Under Section 32 of the Data Protection Act 1998 civil liability on the part of the media for breaching the Data Protection principles depends upon whether the Defendant in question can establish a reasonable belief that publication would be in the public interest.

Parliament has also recently amended Section 55 of the Data Protection Act so that a media defendant can establish a defence to a criminal charge of knowingly or recklessly obtaining, disclosing or procuring disclosure of personal data if he establishes that he acted in the reasonable belief that in the particular circumstances the obtaining, disclosing or procuring was justified as being in the public interest (see Section 55(2)(ca) as inserted by Section 78 of the Criminal Justice and Immigration Act 2008).

I have previously argued that as Sections 32 and 55 (as amended) represent public policy in relation to the balancing of Articles 8 and 10 where it is alleged that a media Defendant has misused personal data, a similar test (i.e. reasonable belief in public interest) should apply in the developing law of privacy and confidence.  Why should the balance be struck differently by the courts from the manner in which it has been struck by Parliament?

There are some signs that this view is gaining traction.  In a speech entitled “Privacy and the Press: Where are we now?” delivered by Sir David Eady at a conference on 1 December 2009 he described this as an “issue that merits closer consideration.” He added:-

Then there is Antony White’s point about bringing in an element of consideration for a journalist’s assessment of the public interest.  After all, that has to be the test, presumably, when the matter is being assessed by the Court prospectively, for the purposes of granting or not granting an interim Injunction.  Should it be different after the event?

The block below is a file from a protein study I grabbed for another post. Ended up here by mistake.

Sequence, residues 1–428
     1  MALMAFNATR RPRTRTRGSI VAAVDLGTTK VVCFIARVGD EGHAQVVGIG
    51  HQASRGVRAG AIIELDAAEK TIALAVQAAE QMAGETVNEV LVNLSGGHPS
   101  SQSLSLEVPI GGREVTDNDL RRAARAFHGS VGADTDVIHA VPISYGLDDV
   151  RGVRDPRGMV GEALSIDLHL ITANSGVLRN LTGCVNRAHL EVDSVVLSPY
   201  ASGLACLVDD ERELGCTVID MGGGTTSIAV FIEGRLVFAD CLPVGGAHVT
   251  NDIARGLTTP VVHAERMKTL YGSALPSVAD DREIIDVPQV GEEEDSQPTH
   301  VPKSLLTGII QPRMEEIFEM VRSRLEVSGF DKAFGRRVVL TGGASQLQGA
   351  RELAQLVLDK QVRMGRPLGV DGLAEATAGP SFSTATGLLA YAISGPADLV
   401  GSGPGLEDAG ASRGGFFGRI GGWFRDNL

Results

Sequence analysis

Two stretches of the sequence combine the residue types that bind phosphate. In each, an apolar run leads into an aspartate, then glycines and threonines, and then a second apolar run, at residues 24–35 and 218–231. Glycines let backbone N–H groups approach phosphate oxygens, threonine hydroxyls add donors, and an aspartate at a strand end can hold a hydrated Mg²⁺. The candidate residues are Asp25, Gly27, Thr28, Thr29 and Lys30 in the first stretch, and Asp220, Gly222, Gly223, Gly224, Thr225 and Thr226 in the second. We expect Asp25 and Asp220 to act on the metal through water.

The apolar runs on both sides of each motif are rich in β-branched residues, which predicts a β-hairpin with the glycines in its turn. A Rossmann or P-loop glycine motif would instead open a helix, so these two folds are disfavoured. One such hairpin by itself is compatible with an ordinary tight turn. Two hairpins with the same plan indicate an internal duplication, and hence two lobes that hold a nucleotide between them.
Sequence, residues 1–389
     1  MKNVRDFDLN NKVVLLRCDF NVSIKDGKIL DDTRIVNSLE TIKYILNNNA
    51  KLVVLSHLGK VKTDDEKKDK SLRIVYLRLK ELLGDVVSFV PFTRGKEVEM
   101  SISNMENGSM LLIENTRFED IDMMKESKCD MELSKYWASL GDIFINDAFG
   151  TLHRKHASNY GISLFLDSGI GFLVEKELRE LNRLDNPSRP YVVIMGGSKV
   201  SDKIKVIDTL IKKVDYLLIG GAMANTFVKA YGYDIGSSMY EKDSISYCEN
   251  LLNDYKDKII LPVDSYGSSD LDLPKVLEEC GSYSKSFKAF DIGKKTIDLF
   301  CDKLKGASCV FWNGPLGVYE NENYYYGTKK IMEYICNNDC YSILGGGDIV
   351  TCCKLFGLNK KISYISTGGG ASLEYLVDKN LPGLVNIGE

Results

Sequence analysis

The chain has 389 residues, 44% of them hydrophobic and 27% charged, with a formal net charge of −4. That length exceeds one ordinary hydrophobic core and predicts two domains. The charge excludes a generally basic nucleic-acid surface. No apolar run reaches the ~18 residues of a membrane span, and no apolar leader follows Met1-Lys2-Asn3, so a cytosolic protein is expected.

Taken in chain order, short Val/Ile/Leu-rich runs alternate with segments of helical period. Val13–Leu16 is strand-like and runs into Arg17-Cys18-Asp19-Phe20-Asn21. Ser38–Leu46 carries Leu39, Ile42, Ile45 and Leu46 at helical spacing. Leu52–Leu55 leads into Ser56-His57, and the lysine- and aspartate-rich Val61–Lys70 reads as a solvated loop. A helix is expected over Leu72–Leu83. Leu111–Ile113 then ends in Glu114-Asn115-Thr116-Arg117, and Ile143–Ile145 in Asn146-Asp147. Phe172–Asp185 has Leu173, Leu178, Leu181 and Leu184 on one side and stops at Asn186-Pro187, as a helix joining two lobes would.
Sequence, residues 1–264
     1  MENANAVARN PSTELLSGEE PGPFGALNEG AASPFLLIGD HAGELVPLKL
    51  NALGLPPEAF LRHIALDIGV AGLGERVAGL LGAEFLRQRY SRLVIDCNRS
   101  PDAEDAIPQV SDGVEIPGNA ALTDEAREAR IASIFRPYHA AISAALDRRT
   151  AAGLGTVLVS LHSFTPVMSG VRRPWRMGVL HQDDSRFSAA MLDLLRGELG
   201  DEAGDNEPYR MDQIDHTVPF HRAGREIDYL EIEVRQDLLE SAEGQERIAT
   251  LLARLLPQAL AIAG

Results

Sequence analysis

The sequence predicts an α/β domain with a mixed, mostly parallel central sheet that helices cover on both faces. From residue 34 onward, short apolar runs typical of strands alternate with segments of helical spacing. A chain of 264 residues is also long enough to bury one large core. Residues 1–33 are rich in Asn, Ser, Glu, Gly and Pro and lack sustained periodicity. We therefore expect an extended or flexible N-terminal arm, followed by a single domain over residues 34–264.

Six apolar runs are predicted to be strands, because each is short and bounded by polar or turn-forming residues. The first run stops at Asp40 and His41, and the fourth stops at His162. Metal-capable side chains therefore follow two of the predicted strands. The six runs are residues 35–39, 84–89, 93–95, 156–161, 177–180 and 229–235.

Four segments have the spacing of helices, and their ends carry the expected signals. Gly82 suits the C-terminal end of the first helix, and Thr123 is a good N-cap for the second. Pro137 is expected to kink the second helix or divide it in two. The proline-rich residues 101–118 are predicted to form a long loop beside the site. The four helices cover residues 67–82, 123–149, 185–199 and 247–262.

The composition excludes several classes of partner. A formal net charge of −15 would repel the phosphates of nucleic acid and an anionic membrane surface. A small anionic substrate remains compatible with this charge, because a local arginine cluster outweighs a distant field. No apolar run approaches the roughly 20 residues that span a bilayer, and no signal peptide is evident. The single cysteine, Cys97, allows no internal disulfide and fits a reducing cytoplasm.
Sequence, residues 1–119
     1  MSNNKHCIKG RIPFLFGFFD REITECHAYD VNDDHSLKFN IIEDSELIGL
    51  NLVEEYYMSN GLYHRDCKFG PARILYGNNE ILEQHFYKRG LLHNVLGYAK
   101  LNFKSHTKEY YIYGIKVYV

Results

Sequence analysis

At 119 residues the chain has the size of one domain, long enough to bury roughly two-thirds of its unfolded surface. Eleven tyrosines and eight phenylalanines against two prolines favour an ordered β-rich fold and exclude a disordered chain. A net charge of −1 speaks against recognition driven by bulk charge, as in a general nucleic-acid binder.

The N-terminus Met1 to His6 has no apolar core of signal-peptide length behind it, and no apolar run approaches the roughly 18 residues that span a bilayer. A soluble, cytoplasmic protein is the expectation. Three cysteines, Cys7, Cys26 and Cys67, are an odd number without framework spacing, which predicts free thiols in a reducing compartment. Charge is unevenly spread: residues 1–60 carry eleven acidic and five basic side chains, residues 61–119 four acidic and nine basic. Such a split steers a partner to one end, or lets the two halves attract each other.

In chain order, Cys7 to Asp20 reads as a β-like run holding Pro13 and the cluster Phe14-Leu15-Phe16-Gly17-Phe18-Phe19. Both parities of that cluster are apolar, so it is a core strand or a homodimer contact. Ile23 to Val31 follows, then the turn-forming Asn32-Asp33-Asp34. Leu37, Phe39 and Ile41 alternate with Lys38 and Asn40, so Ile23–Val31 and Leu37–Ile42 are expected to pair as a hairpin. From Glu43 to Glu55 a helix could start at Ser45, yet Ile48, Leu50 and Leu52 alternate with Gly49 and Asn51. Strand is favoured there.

The issue was also flagged for future consideration by Tugendhat J. in Terry v. Persons Unknown [2010] EMLR 16.  Tugendhat J. referred to the possibility of a submission that the Defendant, or a person given notice of the Order, believed that publication would be in the public interest ([8]).  Later in the judgment he referred to uncertainty in the existing law as to the extent to which, if at all, the belief of a person threatening to make a publication in the media is relevant to the issue of public interest [70].  After citing from the Judgment of Eady J. in Mosley v. News Group Newspapers Limited ([2008] EMLR 679), and referring to the provisions of Section 32 of the Data Protection Act 1998, he observed

The Data Protection Act might well apply to a newspaper publication, and in particular to an online publication.  If that Act did apply, it would be anomalous if the public interest defence under Section 32 required the Court to have regard to the reasonable belief of the journalist, but that the same defence under the general law did not.  I cannot decide that any reasonable belief on the part of a journalist or editor would be irrelevant without hearing argument for that proposition, if it is to be advanced.” [73]

The extra judicial comments of Eady J., and the dicta of Tugendhat J. in Terry, must also be seen in the context of a recent amendment to the PCC Code.  As is well-known, Section 12(4) of the Human Rights Act 1998 obliges the Court, when considering whether to grant any relief which, if granted, might affect the exercise of the Convention right to freedom of expression, to have regard, where the proceedings relate to journalistic material, to “any relevant privacy code”.  The PCC Code is a relevant privacy code.  The PCC Code until October 2009 stated that “Whenever the public interest is invoked, the PCC will require editors to demonstrate fully how the public interest was served”.  In October 2009 it was amended to bring it in line with the Data Protection Act 1998. The relevant provision now states:-